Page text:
Memory Foods: Eat Your Way to a Healthy Mind
If you keep up with health headlines, you’ve probably heard the word “superfood” a lot. Each week seems to bring a new superfood, guaranteed to have a profound effect on your health. Superfoods lower your risk of heart disease. They boost your immune system. They improve your memory and ward off Alzheimer’s. And we want to eat them all. But which foods really ARE super?
Here are the facts: although I don’t care for the “superfood” label, there really are some foods which really can have a big impact on your health. And while you probably don’t want to go on a diet of nothing but chocolate and green tea, making some of them a regular part of your diet can have a real effect.
Memory foods: fact or fantasy?
Separating the health facts from the propaganda is never easy, and it’s especially hard when it comes to nutrition. Why? Because studying how food affects us relies on a lot of guesswork. It’s hard to isolate one food to study, because there’s no real way to control what people eat for the amount of time it takes to do a meaningful study.
Diet research relies on people honestly reporting what they do and don’t eat and how often. I don’t know about you, but if I had to tell you what I ate each day last week I’d be hard-pressed to come up with an answer. I might guess. I might remember wrong. And although I probably wouldn’t, I could just make up what I thought you wanted to hear.
Studies usually look at eating patterns after the fact and make guesses. They’re often biased - they only look at the foods they’re interested in and ignore the rest. The recent WHO study on meat, for example, ignored the fact that meat eaters are more likely to smoke and to drink.
This is the kind of study most diet research relies on.
What do we actually know?
Not nearly as much as “they” would like us to believe. But that doesn’t mean we know nothing - it just means we shouldn’t necessarily rush out and stock up on the flavor of the week without doing a little research of our own.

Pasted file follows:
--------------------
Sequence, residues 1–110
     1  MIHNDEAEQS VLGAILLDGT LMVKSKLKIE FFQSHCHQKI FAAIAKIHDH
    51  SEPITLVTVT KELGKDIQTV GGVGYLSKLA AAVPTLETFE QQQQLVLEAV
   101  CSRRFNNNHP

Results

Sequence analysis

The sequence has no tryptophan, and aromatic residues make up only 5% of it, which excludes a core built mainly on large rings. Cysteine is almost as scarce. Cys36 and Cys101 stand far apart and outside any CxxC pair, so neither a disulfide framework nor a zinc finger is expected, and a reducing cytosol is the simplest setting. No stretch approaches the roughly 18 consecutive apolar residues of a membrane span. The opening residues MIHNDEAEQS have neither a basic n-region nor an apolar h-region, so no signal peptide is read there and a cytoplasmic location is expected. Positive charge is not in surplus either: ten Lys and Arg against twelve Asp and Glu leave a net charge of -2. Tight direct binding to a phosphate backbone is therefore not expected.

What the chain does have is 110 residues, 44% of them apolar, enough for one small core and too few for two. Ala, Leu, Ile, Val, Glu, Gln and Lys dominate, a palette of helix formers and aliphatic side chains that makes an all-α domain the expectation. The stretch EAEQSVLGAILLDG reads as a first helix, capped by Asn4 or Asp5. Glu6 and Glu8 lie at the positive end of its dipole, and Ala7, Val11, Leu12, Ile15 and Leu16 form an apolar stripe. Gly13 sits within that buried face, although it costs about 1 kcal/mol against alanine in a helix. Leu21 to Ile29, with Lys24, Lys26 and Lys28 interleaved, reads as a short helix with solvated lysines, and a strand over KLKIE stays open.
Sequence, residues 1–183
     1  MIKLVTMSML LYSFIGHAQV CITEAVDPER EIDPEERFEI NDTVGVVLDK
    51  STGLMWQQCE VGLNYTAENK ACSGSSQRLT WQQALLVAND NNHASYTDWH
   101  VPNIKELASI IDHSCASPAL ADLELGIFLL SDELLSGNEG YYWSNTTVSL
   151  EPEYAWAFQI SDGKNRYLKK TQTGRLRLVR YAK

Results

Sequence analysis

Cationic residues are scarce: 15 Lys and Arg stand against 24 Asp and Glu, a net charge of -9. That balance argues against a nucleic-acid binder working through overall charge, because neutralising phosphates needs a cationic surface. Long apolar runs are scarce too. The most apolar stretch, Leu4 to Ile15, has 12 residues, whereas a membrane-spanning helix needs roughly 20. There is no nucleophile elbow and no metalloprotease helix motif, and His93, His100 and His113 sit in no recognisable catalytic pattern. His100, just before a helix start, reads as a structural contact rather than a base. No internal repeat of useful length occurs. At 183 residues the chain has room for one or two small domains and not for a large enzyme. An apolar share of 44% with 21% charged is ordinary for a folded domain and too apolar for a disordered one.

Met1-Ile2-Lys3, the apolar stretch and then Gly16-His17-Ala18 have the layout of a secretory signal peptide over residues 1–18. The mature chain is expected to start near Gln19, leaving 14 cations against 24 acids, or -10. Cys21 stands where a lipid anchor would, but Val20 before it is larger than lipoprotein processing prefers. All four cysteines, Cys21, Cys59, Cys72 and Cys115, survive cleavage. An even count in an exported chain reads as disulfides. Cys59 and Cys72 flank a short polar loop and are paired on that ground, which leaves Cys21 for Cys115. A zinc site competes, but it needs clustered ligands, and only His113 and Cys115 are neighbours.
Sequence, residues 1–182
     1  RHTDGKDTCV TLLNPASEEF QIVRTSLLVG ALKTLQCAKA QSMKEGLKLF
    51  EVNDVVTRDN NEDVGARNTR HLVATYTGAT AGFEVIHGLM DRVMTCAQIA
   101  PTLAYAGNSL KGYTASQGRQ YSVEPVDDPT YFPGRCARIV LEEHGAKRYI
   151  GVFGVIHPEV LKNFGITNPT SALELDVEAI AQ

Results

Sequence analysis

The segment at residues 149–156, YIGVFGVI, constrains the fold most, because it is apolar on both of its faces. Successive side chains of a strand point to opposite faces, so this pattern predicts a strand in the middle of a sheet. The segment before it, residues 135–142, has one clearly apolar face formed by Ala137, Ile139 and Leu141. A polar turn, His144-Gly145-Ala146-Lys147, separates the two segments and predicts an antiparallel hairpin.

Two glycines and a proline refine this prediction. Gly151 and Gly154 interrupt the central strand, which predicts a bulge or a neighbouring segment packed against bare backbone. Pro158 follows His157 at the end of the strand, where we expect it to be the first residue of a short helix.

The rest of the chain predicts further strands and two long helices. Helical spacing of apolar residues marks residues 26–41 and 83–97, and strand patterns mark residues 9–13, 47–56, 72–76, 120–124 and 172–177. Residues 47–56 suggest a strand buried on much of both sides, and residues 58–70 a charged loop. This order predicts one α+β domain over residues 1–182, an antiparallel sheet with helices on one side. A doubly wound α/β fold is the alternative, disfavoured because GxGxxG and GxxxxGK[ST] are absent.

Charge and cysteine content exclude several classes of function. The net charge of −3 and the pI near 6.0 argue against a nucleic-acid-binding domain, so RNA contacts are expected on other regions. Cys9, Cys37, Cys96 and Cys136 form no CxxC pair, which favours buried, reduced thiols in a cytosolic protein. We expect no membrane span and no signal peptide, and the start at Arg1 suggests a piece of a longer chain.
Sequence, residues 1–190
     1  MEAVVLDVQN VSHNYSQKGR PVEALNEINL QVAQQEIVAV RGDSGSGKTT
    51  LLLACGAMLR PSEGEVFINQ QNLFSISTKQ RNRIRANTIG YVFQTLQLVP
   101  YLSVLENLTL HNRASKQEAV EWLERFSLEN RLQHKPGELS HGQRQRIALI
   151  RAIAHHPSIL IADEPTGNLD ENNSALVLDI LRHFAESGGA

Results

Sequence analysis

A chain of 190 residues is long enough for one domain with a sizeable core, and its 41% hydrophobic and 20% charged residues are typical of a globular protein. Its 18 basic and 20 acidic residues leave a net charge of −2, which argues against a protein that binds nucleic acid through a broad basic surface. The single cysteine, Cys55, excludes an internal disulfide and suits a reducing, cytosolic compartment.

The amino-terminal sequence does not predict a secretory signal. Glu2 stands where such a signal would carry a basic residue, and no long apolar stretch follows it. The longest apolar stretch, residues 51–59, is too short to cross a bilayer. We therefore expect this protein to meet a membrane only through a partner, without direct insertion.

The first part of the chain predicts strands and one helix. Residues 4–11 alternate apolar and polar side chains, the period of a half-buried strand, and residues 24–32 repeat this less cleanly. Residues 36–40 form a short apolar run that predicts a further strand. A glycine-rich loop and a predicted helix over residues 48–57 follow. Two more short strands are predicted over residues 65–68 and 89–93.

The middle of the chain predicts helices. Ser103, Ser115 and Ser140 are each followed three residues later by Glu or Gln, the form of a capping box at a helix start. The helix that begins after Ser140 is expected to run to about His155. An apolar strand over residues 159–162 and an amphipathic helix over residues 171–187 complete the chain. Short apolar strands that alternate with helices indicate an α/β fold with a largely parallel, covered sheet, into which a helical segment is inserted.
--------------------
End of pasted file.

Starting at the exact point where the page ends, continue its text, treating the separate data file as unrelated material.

There are quite a few foods that have been well-studied. And some of these really are “memory foods.” Most are high in nutrients we already know are good for our brains, like the flavonoids in blueberries. Others contain substances we’ve seen in action and know have a real effect on how our brains work, like omega-3 fatty acids in salmon. A few seem to consistently affect memory, even though we haven’t figured out why.
So what foods really are memory foods?
The foods with some of the strongest science behind them include fatty fish, nuts, blueberries, leafy greens, turmeric, and coffee. Here’s why each one affects your brain.
• Fatty fish like salmon, mackerel, tuna, and sardines are high in omega-3 fatty acids, and so are nuts. Omega-3s help your brain cells communicate faster and more effectively. They also reduce inflammation, which is associated with Alzheimer’s, diabetes, and heart disease. Studies have shown that low omega-3 levels and Alzheimer’s go hand-in-hand.
• Blueberries have been touted as a “superfood” for a long time, and as much as I hate the label, they’re one food that seems to live up to it. Studies have shown that blueberries or blueberry juice can have a real effect on memory, even for people in the early stages of dementia. This seems to be due to their high flavonoid content, particularly a substance called anthocyanin, which increase the signaling power in the memory centers of your brain. Put simply, it lets your brain make more connections between cells, and it helps them connect faster.
• Leafy greens like kale, spinach, and mustard greens slow cognitive decline. Science has known this for a while, and now we think we understand why. They’re all high in vitamin K - the vitamin you’ve probably never heard of - and it seems to be the factor which affects the brain and memory.
• Tumeric, a spice, might be the most important food to eat to avoid memory loss and even Alzheimer’s. It’s been shown to slow down the breakdown of neurons in the brain and to decrease Beta-amyloid plaques associated with Alzheimer’s. There’s actually ongoing research into turmeric - or the active compound in it - as a treatment for Alzheimer’s.
• Coffee has an interesting effect on memory. While most memory foods influence short-term memory or reduce cognitive decline, coffee seems to help short-term memories become permanent.
Are there other foods out there that affect memory?
Of course there are. All natural, God-given foods are “superfoods” in one way or another. The key - the absolute bottom line, the foundation of a healthy memory - is just that. Natural, whole, unprocessed food.
Our brains are complex and delicate. When we fill our bodies and our brains full of processed, chemical-laden food, we’re doing damage. When we eat nutritionally empty, stripped-down, bleached out modern excuses for food, we’re doing damage. Undoing the damage means eating fresh, whole food.
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